My Dad's Iranian Passport -- creative nonficiton by August Smits
There was never one interaction, one moment, where I found it blatantly clear to me that the bitter people at the ominous security desks were being racist. It was a pattern of interactions that slowly arose and became consistently more obvious to me as I was older. I can distinctly remember the stout man sitting behind his podium of power, his beady eyes narrowly observing, comparing and contrasting my dad’s tanned complexion and dark brown eyes to my pale skin and light eyes that stared up at him in question. The skeptical security clerks never said anything that would immediately label them as racist. It was their cynical stares, their subtle actions, their condescending responses that were filled with distrust and suspicion that my dad recognized, but I did not. To be fair, as a five-year-old I was likely more concerned with putting my heavy backpack down and exploring the bright maze of shops, than what my dad was doing arguing with the kind lady in uniform. I was too young to realize that the lady in blue was not so kind. As I got older I began to question more frequently why my dad kept being pulled aside for questioning while my siblings and I waited patiently, once again, for it to be over. I remember I once asked him about it and he told me, as if to explain the constant tension and anger, that it was a random security check. It never felt very random. This pattern of constantly waiting for my dad’s random security screenings is what led me to realize that they were in fact never very random. The interviews and bag searches and hand swabs were because of my dad’s Iranian passport. There were consequences to carrying identification with writing on it that looked suspiciously similar to Arabic. There were consequences to my dad’s slightly darker skin.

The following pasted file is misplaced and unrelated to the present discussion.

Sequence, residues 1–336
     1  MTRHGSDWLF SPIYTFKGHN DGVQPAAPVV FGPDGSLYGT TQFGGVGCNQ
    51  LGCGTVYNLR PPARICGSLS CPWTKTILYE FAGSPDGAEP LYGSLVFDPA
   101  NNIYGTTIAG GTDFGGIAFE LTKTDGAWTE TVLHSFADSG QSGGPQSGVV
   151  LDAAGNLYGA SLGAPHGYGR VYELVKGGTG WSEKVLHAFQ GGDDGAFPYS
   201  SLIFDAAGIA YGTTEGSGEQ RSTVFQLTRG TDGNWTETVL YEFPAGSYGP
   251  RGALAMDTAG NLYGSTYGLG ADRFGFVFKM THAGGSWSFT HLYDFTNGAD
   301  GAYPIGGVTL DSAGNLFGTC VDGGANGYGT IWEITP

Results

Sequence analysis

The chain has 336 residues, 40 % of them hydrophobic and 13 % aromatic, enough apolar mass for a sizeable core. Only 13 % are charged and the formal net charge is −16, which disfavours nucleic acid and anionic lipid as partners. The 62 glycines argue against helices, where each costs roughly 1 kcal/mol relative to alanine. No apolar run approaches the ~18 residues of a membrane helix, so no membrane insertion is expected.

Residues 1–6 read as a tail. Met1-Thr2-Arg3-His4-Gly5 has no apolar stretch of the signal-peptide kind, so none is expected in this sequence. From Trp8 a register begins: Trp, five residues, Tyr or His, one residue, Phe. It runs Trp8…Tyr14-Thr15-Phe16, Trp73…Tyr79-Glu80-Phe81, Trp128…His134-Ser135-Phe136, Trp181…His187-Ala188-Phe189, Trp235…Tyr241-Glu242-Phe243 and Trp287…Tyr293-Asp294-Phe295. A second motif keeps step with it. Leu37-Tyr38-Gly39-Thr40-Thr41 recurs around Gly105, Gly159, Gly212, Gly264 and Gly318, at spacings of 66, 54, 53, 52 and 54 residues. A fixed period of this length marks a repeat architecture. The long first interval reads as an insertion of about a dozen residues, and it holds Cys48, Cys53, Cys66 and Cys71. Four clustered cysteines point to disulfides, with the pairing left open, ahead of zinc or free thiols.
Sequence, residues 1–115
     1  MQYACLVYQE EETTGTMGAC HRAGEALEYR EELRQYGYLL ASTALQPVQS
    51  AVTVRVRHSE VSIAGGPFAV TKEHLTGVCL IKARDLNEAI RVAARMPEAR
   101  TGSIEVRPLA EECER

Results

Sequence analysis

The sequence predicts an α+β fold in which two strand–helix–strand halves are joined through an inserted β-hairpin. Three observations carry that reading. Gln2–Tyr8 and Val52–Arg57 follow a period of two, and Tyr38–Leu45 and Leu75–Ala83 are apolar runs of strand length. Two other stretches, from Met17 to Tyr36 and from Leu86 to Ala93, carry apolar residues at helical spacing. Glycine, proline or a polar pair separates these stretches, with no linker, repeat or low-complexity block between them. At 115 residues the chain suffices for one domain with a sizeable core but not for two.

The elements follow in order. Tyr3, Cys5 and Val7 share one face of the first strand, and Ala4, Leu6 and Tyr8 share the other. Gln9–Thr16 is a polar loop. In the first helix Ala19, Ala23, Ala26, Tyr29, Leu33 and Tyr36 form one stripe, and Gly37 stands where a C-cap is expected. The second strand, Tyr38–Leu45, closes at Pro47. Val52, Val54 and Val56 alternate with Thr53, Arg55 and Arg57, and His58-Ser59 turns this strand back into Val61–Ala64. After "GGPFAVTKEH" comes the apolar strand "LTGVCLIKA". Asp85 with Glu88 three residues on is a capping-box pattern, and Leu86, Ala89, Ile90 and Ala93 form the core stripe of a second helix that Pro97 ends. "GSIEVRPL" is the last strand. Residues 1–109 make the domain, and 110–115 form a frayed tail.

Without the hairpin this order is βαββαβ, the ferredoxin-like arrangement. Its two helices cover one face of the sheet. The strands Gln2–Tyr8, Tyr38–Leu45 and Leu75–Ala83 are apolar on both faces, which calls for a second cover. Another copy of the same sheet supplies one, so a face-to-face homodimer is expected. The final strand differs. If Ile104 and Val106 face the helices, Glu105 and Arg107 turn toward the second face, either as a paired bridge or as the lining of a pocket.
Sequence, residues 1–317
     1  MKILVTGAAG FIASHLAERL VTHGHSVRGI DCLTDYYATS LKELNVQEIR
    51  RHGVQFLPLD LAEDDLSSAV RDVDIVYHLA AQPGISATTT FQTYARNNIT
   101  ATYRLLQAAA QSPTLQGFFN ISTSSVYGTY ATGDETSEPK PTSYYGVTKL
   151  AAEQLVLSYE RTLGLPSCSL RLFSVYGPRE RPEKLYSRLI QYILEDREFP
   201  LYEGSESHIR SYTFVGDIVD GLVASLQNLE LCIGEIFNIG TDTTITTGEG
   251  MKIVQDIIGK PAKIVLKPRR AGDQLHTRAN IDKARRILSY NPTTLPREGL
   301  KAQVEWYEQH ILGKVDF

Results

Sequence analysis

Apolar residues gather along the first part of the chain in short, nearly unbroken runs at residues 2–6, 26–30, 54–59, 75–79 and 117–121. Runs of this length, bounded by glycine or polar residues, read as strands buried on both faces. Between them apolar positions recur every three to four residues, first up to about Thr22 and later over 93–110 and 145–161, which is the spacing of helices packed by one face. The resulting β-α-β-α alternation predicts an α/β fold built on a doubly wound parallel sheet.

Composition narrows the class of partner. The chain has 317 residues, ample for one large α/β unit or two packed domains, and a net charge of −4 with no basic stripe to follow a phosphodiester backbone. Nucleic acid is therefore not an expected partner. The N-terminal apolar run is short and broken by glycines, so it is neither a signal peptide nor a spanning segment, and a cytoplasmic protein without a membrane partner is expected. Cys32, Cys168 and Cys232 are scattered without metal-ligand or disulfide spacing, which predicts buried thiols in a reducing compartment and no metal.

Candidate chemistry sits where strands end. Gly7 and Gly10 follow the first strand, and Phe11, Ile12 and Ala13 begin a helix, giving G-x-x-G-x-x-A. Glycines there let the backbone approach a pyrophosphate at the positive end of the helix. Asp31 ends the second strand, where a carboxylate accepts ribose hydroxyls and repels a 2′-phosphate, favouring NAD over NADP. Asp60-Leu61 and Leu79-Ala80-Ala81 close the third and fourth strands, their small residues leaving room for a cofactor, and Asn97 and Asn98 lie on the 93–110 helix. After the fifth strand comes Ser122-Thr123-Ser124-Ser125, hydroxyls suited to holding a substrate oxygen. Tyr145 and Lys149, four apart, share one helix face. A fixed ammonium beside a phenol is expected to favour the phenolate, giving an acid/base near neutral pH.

August Smits is a high school sophomore living in Massachusetts. In her free time, she enjoys reading dystopian fiction, listening to music, all things design related, and daydreaming. August hopes to one day travel the world and earn a degree in one of her many interests.